Folks at the U.S. Agency for International Development were a bit perplexed by an agency-wide "general notice" from the personnel department urging them not to look like slobs.
"All USAID employees are expected to dress in accordance with the standards of good taste, including being neat, clean and well-groomed," the July 29 "Work Attire Statement" says. "We do not want to establish a firm code of rules about what is considered proper attire," the memo says. And surely taxpayers don't want to pay AID people to do so.
But "it is important," the memo says, "to project a businesslike image to our customers, to our visitors, to our co-workers . . . and to the people upon whom we depend for funding, the Congress."
What, AID folks wondered, triggered this missive? Some sweaty guy in a muscle undershirt grossing out a senator in the elevator?
No, no, AID assistant administrator for legislative and public affairs J. Edward Fox said. The question of attire is "a summertime problem that comes up this time of year." The personnel office notice was intended to "gently remind everyone that this is a place of business and people are watching."
People overseas, those out in the boondocks doing the agency's heavy lifting, had wondered whether this was directed at them.
Not at all, Fox said. "AID employees work overseas in the most horrible of places," he said, noting that, if they are in a place such as Sudan, "they are lucky to have [any] clean clothes" at all.
But summer is when "a lot of people are back on home leave or for training," and "the Ronald Reagan Building is not an appropriate building to wear anything you want." The memo, he said, just says, "let's not act like you're out in the outback." So "dress like the natives," he said, "wherever you are, even here."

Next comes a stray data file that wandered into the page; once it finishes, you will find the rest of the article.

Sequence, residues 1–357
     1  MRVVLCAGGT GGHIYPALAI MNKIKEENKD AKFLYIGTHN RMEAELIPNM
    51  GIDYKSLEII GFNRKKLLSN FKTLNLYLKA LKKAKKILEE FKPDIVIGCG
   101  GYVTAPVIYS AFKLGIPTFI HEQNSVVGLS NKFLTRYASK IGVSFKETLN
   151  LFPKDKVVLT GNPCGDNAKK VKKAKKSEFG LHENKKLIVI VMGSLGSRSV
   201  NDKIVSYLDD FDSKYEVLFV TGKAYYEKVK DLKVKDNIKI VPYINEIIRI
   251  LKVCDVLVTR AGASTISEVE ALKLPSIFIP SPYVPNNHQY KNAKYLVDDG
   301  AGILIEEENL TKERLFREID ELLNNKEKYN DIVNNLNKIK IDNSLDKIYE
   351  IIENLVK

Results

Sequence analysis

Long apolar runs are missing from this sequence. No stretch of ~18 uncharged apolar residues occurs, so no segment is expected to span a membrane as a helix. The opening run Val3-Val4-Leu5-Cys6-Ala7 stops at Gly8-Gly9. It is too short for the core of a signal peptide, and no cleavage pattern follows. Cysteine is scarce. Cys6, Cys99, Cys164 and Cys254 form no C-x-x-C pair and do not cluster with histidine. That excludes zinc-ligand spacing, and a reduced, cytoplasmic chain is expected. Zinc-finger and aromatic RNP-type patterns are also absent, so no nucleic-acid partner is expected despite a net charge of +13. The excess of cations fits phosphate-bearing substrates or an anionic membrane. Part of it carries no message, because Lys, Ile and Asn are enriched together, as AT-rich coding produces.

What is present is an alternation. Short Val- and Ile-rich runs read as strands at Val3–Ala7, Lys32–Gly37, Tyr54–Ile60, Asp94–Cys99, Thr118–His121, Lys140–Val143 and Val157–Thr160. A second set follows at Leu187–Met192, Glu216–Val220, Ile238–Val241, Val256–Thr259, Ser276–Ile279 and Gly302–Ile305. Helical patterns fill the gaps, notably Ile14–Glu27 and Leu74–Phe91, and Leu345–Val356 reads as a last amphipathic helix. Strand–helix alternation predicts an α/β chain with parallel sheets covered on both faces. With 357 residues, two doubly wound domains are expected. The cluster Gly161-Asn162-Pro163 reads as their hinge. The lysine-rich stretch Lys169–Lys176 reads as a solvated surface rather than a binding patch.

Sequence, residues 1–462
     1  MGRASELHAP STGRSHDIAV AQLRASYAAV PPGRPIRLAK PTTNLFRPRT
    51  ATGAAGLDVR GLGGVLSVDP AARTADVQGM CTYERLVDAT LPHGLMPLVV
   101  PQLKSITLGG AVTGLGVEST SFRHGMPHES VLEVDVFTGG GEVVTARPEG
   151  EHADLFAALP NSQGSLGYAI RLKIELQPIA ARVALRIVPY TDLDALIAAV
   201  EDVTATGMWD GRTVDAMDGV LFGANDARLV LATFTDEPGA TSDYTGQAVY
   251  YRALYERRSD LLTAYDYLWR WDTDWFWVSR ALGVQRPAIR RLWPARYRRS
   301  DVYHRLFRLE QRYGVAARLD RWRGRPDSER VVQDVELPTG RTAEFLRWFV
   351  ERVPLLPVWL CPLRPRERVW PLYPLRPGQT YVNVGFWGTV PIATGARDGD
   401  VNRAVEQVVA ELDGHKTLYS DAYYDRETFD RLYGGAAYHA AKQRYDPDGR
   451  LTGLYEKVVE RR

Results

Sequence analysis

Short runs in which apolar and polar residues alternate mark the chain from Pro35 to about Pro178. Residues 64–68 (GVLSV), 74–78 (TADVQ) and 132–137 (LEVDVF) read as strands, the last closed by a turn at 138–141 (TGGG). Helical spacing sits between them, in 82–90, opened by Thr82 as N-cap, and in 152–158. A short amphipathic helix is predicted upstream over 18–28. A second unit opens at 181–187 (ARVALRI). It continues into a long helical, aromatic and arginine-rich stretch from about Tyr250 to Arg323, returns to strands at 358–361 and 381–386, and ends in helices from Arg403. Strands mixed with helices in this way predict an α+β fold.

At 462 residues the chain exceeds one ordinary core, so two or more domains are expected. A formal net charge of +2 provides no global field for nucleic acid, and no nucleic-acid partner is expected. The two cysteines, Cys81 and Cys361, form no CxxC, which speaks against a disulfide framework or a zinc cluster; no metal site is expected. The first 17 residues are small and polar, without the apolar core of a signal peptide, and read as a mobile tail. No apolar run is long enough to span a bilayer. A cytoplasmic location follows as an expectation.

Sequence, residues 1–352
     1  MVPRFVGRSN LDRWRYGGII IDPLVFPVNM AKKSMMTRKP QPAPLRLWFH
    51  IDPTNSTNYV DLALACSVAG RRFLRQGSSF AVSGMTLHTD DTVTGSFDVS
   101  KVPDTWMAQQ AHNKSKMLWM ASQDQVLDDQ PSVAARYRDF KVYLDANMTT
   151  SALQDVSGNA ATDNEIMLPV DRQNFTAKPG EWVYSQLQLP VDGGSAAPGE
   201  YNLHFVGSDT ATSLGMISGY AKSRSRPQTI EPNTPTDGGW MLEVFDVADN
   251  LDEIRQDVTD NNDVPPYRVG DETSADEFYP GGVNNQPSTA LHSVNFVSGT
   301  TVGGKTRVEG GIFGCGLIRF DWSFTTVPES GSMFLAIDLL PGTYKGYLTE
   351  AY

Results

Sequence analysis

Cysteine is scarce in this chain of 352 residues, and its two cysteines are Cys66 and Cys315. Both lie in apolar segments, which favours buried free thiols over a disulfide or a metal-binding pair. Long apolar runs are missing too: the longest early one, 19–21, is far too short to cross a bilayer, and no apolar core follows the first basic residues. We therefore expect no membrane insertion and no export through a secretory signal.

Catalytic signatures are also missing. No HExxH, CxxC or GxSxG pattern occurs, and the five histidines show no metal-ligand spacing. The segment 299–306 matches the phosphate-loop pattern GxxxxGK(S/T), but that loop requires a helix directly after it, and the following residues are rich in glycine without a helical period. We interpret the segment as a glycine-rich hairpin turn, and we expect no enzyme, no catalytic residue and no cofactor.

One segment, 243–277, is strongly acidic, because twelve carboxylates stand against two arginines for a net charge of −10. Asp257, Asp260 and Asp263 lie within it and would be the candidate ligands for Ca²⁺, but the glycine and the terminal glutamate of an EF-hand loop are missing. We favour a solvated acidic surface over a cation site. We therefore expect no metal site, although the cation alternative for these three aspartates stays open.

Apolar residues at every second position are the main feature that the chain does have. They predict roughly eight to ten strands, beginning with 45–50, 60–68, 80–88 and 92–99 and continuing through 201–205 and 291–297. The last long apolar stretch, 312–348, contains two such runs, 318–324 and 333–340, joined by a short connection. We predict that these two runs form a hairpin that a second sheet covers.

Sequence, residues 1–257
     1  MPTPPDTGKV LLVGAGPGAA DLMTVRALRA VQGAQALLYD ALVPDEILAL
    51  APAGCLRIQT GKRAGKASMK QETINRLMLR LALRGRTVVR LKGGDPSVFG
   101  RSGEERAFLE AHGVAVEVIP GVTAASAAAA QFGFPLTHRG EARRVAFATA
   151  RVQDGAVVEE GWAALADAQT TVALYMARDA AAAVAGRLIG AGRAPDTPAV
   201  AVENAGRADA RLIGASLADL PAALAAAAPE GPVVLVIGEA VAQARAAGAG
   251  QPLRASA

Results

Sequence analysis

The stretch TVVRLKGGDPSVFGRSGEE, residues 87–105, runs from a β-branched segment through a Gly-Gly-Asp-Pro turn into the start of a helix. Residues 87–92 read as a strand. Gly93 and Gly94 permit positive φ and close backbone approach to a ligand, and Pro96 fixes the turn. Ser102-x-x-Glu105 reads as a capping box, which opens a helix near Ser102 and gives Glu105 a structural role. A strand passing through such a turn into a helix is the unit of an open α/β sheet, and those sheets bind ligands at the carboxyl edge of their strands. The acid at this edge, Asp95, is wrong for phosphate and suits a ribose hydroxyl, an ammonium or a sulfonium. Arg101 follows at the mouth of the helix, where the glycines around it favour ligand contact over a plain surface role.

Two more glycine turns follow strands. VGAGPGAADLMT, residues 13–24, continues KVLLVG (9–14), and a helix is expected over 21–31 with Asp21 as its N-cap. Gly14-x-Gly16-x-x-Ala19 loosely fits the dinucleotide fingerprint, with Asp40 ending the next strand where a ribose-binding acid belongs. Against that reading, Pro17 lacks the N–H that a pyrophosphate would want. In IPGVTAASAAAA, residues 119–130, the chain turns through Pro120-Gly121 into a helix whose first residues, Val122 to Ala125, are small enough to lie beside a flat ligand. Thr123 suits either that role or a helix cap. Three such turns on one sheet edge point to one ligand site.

Musical Chairs for Flacks
Brian J. Roehrkasse, press secretary at the Department of Homeland Security, Bush 2000 campaign veteran and formerly with the Transportation Department, is moving to the Justice Department to take over the press secretary slot vacated by Kevin Madden, who is working for House Majority Leader Tom DeLay (R-Tex.).
Also on the flack front, chatter is that John Miller, who has been the Los Angeles Police Department's counterterrorism chief for the past three years, is coming here to head the communications operation for the FBI. Miller, who also worked for the New York Police Department, is a former ABC News reporter best known for his 1998 interview in Afghanistan with terrorist Osama bin Laden.
Positive and Well-Circulated
And there, on the cover of the latest issue of AARP magazine, which features fine articles for the geezer set about reinventing yourself "at 50-plus," and "15 Ways to See, Hear and Feel Better," and how to "Retire Rich" or "Boost Brain Power" is none other than a smiling Secretary of State Condoleezza Rice. She's 50.
The article is headlined "What Makes Condi Run," naturally raising the perpetual question of a Rice presidential, or perhaps California senatorial, run in the next few years.
The very, very, very positive piece, written by Ann Reilly Dowd, quotes Rice's "Aunt G." saying: "I don't think she'll run for office." Rice herself, though interviewed by Dowd a few years back, doesn't appear to have talked for the latest article.
But there are nice tidbits. We're told that when Rice met President Bush in Kennebunkport, Maine, "the two talked politics, sports and the Christian faith they share. They jogged, played tennis and worked out. (At that point, she could bench-press 145 pounds 45 times.)"
So why the AARP magazine? Well, it bills itself as the "world's largest circulation magazine," at more than 22 million copies. That's more than twice Reader's Digest, triple that of Better Homes and Gardens and way more than the 5.4 million circulation of Time, the largest of the three big national newsweeklies.
Nah, not running.